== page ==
When Cubans arrived in major numbers to Miami, especially in the early 60s, the Old Guard did not welcome them with open arms. Cubans encountered a great deal of racism, redlining, and rejection.
Luckily the US federal government had a vested interest in showcasing their “American Success Story,” so Cubans received many SBA loans and other small business assistance programs, to make sure that this “success story” occurred.
But as human beings, every Cuban remembered the sting of raised eyebrows and whispered comments, whenever they entered a room of “established” Americans.
For that reason, the Miami New Times should be more sensitive to Puerto Ricans in Florida.
In a recent article titled “Puerto Rico is Broke: What You Need to Know About Looming Bankruptcy,” the Miami New Times got a few facts wrong. It claimed that Puerto Rico owes $79 billion (not $73 billion) and that “millions” of Puerto Ricans are living in Florida.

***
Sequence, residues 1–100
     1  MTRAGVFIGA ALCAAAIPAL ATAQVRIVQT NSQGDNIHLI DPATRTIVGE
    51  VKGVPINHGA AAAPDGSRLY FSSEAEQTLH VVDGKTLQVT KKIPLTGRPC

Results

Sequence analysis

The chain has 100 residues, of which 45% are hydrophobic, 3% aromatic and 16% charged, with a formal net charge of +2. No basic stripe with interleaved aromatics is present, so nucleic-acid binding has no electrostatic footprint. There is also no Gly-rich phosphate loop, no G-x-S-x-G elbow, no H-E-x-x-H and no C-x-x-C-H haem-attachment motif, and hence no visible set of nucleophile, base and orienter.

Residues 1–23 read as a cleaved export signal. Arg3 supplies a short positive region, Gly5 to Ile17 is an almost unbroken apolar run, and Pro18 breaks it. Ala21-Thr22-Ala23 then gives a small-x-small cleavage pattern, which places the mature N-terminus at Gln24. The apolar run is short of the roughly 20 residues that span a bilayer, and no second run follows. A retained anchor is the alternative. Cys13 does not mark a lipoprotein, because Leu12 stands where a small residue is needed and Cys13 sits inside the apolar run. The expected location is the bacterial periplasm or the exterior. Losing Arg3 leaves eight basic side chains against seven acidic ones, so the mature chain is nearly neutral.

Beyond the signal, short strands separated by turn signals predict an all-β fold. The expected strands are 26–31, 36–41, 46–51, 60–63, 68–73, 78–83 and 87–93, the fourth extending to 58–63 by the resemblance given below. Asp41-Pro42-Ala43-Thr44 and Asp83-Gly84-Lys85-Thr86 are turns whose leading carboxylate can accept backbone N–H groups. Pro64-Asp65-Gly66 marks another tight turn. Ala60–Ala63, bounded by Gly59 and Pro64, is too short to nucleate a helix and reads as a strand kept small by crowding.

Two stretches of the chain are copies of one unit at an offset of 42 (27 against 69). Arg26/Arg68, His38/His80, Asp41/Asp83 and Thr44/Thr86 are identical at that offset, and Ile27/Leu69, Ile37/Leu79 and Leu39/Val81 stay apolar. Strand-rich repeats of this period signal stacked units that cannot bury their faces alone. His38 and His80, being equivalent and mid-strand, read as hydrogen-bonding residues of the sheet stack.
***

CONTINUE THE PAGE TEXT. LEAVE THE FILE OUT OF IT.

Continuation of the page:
But they did something worse. The entire article dealt with the devastating problems in Puerto Rico: a sinking economy, soaring crime rate, massive outmigration, inept government. Then after reciting all these grave issues, the article ended with this:
How are Puerto Ricans dealing with all of this? About as you’d expect:
“This is fine.”
A word to the Miami New Times: this is not fine.
Puerto Ricans do not enjoy getting kicked in the head, and taxed to death, and forced off their own island.
They do not enjoy migrating across the sea, and trying to start a new life, with anxiety and uncertainty defining their entire existence…only to have you say…
“This is fine.”
What is happening to Puerto Ricans is not fine.
It is not a Twitter joke, or a Miami New Times cartoon.
It is real life…in many cases a desperate life…and you have no right to trivialize or defame it.